Detailed methods on data collection and laboratory testing methods were reported elsewhere.8 In brief, heterosexual men were defined as men who have had sex with women but not with men in the last 12 months. Stored urine specimens from heterosexual men aged ≤25 years attending MSHC between 1 July 2004 and 30 June 2015 were used in the study. For men with recurrent chlamydial infections over the study period, only the first positive specimen was used in this analysis. All specimens were tested and genotyped for HPV using PapType assay (Genera Biosystems, Scoresby, Victoria, Australia).8 We calculated the positivity of the following HPV genotype groups: any HPV genotypes (6, 11, 16, 18, 31, 33, 35, 39, 45, 51, 52, 56, 58, 59, 66, or 68), vaccine-targeted low-risk HPV genotypes (6/11) and high-risk HPV genotypes (16/18/31/33/35/39/45/51/52/56/58/59/66/68).
The demographic data of individuals, clinical diagnoses of genital warts (including physical examination findings and the location of the genital warts on penis) and circumcision status were collected by ETA from individuals’ medical records. Inconclusive examination findings were discussed with CKF and EPFC, and a consensus was reached. Urethral swabs and specimens where there was no record in the clinical notes of a physical examination at the time of wart diagnosis were excluded. Location of warts was divided into three groups: (1) proximal penile warts (included base of penis, proximal shaft and midshaft or suprapubic region); (2) distal penile warts (included sites that were located at the meatus, frenulum, prepuce, glans penis, corona or distal shaft); and (3) no visible warts on physical examination. Proximal penile warts were in locations unlikely to be in contact with urine such as the base of penis, proximal shaft and midshaft or suprapubic region. Distal penile warts included sites that were in close contact with urine such as the meatus, frenulum, prepuce, glans penis, corona or distal shaft.12 Ethical approval was obtained from the Alfred Hospital Ethics Committee, Melbourne, Australia (approval number 241/15).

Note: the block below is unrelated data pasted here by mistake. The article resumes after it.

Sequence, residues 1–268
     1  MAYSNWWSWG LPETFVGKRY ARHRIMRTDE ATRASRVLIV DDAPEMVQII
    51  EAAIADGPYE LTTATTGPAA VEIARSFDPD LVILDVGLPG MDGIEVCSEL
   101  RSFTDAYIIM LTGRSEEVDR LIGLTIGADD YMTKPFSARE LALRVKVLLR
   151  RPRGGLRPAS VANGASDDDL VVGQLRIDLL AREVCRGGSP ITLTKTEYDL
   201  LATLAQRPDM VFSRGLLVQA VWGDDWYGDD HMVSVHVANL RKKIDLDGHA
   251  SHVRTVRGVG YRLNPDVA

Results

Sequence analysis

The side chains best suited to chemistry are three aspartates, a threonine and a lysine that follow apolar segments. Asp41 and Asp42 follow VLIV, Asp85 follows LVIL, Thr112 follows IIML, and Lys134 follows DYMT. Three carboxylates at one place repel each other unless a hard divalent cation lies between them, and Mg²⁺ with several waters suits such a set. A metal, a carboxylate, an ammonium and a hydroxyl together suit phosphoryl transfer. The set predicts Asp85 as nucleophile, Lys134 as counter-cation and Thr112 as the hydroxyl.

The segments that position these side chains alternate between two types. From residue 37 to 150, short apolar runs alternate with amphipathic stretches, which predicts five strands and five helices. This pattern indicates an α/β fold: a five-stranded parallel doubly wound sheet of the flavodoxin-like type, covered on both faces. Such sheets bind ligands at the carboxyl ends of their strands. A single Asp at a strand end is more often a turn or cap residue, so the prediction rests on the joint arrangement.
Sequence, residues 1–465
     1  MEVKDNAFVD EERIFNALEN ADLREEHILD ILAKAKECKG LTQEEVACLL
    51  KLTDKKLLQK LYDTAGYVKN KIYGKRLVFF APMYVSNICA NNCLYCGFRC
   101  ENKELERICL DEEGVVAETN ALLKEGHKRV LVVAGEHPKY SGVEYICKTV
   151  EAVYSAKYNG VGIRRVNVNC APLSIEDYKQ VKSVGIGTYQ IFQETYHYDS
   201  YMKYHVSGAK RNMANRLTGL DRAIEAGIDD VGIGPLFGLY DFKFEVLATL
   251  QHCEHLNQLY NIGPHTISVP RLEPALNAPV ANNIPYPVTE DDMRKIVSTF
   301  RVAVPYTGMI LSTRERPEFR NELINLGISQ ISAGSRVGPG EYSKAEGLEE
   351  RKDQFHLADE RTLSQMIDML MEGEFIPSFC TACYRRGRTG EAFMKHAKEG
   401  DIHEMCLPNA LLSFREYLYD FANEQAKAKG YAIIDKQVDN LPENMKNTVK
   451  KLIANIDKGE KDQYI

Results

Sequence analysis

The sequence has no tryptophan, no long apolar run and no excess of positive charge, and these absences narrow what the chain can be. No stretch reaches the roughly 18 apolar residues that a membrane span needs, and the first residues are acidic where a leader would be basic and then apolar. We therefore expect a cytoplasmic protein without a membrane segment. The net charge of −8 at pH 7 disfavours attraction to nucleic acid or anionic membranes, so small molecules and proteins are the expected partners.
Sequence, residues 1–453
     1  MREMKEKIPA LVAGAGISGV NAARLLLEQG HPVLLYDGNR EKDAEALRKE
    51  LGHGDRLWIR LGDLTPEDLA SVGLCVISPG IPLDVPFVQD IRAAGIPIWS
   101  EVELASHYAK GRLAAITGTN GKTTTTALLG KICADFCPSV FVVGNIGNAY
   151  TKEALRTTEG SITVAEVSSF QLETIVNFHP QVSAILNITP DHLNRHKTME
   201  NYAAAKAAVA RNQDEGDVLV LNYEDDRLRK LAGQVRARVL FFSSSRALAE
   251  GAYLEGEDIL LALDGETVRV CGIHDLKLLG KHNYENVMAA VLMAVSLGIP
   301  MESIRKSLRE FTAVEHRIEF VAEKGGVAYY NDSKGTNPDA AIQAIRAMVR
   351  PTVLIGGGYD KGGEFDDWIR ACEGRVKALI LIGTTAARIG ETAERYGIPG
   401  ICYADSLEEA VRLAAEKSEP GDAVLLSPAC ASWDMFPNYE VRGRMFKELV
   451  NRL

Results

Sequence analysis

Positivity of any HPV, HPV-6/11 and high-risk HPV genotypes were calculated in men by the presence and location of warts and circumcision status. The 95% confidence interval (CI) of HPV-6/11 positivity were calculated by using the binomial ‘exact’ method. Univariate and multivariate logistic regression analyses were performed to examine the association between the presence and location of genital warts (proximal vs no warts; distal vs no warts) and HPV positivity. Circumcision and location of genital warts were included in the multivariate logistic regression analyses. Similar analyses were carried out to evaluate the association between circumcision status in men (circumcised vs uncircumcised; unknown circumcision status vs uncircumcised) and HPV positivity . Crude odds ratio (OR), adjusted odds ratio (aOR) and its 95% CI were calculated. An association between circumcision and location of warts in men with reported circumcision status was evaluated using univariate logistic regression analysis; OR and its 95% CI were calculated.All analyses were performed using Stata version 13 (StataCorp, College Station, Texas).
There were 1466 individual heterosexual men with stored positive urethral or urine chlamydia specimens between 1 July 2004 and 30 June 2015. We excluded a total of 532 individuals (490 with no physical examinations recorded, 38 with urethral specimens, 3 whose medical records were unavailable for review and 1 with no description of the location of warts). A total of 934 eligible individuals with urine specimens and physical examinations were included in this analysis.
Of the 934 men, 82 (8.8%) men were diagnosed with genital warts on the day of chlamydia diagnosis, 38 (4.0%) men had only proximal penile warts and 44 (4.7%) men had distal penile warts. There were 7 (0.7%) men who had warts on both proximal and distal parts of penis, and they were included in the group with distal warts.
HPV positivity in urine